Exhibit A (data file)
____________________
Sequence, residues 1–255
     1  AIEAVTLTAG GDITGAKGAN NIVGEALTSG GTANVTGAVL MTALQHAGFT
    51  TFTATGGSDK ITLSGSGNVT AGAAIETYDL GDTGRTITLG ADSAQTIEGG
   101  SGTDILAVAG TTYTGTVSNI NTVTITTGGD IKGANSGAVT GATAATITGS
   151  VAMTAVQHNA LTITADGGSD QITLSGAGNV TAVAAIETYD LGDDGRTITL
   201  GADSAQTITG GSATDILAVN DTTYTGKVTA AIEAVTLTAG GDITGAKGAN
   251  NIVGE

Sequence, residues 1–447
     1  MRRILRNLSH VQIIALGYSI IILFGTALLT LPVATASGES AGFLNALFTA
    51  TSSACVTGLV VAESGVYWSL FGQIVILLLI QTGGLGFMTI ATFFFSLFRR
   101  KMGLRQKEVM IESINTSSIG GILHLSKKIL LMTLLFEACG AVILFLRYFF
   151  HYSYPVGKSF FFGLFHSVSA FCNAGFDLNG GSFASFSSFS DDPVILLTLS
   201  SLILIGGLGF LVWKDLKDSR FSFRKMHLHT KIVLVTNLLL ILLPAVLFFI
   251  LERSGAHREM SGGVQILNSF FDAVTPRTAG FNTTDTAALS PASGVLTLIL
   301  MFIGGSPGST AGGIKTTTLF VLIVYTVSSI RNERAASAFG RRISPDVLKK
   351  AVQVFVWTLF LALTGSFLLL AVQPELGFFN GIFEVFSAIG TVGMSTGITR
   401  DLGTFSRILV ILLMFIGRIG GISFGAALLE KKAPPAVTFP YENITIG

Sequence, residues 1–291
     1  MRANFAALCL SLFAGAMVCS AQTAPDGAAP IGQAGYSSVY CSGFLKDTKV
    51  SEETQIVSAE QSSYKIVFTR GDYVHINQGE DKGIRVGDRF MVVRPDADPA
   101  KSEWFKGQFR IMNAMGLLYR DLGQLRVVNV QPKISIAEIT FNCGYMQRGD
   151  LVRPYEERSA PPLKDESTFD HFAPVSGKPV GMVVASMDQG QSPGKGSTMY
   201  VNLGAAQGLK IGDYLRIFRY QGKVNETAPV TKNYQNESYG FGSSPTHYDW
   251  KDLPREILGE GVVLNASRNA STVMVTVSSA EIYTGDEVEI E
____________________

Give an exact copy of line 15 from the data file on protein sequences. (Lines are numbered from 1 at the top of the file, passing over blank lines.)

   301  MFIGGSPGST AGGIKTTTLF VLIVYTVSSI RNERAASAFG RRISPDVLKK